It’s an annual poker tournament, which has raised almost $10 million for research into treatments for childhood cancers over the past 16 years. This year, the pandemic is preventing the tournament from taking place in-person — but poker faces are still necessary as the event goes virtual.
Even though it is online Nierenberg said he hopes this year’s Chance for Life event will bring in more than $1.5 million, which would be down from the more than $2 million that is raised when the event takes place in person.
Supporting the tournament is Rich Engler of Rockville, Maryland, and his wife, Nancy. In 2017 their 7-year-old son Luke fell over while playing with his sister, that was later determined to be a symptom of Diffuse Intrinsic Pontine Glioma, or DIPG, which is a highly aggressive and difficult-to- treat brain cancer.
Rich Engler recalls the day when a doctor broke the heartbreaking news to him and his wife.
“One of the words I’ll never forget him saying is, ‘This is nuclear,’” Engler said.
Luke fought hard to survive, going through rounds of chemotherapy and radiation. The whole time his father said Luke maintained his sense of humor. An example of that, according to Engler, came after the Montgomery County Police Department made their son an honorary K-9 officer.
“He said, ‘Guy’s you’re getting a ticket’ and we’re like, ‘What are we getting tickets for buddy?’ And he goes, ‘This one’s for being in love and this one is for lying about it.” We’re lying about it? What are you talking about? And he says, ‘This is for talking back to a police officer,” his father recalled with a smile.
Sadly, Luke would lose his battle with DIPG months after getting the diagnosis. He was laid to rest in the K-9 officer uniform that was made for him by the police department.
Now as they fondly remember their son, the Englers are teaming up with Chance for Life to promote the tournament. Rich Engler said this fundraiser can truly save the lives of children by funding research and clinical trials that lead to cures and treatments.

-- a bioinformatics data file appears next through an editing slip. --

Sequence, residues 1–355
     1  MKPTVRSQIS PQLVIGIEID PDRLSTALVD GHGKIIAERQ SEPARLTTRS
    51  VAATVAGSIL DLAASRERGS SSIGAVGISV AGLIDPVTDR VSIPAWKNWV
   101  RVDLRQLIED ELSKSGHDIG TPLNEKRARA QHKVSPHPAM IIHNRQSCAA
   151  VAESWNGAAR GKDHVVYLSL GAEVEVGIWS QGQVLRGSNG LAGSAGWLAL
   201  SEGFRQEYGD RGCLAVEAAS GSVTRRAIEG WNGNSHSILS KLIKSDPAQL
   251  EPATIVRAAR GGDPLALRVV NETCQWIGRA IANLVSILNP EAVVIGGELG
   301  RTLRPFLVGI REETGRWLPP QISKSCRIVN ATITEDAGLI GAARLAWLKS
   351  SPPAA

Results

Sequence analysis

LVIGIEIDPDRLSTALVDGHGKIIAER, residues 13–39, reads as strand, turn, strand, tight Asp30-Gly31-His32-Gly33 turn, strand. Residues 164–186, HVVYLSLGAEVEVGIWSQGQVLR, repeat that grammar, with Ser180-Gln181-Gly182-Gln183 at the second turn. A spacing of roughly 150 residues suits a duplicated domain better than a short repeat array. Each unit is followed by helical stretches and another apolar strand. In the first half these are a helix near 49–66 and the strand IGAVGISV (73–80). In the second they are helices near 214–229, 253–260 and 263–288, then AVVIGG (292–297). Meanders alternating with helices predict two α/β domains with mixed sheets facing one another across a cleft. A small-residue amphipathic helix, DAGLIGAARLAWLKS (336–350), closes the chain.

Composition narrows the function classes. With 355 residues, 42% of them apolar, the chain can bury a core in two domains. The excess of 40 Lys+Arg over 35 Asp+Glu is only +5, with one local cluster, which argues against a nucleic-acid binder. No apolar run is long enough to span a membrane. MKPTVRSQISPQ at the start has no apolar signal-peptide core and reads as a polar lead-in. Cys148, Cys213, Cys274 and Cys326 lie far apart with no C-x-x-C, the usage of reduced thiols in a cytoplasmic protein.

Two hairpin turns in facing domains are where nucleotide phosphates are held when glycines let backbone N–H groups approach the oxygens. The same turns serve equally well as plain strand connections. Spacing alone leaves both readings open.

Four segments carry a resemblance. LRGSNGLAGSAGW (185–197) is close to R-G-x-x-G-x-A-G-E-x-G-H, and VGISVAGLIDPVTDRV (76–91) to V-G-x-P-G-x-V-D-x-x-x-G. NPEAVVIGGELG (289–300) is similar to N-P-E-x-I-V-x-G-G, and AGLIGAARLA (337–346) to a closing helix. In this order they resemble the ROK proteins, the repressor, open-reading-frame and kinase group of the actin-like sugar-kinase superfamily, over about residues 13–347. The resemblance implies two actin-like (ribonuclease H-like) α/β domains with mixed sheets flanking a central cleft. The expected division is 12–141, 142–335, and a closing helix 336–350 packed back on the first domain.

“We are determined to try to make a difference for other families so that when they get something like DIPG in their life, they have an option instead of just moments where they’re just staring at a mirror looking back at themselves going, How did this happen?” Rich Engler said.
Nierenberg, the Chance for Life founder, said stories like the Englers’, are what make so many people willing to take part in and donate to Chance for Life each year.
“I think it allows all of us that have kids to go, you know, this could be me and it strikes a chord and makes them realize that we have to help,” Nierenberg said.
It was a case of childhood cancer that hit close to home for Nierenberg that prompted him to begin the annual event. Nierenberg’s goddaughter is a survivor of childhood cancer.
Nierenberg said with so much attention going to the coronavirus pandemic, charity organizations — including Chance for Life — are struggling to raise funds.
“Cancer didn’t take the year off,” Nierenberg said.
So, Nierenberg spearheaded the development of the online poker platform. It will be used for this year’s tournament, in which people can buy in for $500. Also, some surprise celebrity guests will also make an appearance during the event.
The decision on where the money goes, according to Nierenberg, will be decided by a panel of medical experts who specialize in cancer. He said this year the charity has received more than 40 applications for grants.
For people who can’t afford to enter the tournament, or can’t take part on Saturday, the digital platform allows people to play with friends at any time. Nierenberg said $5 of each $8 dollars spent during a game goes back to Chance for Life.
Nierenberg said he is also offering the online poker platform to other charities looking for a virtual way to raise money.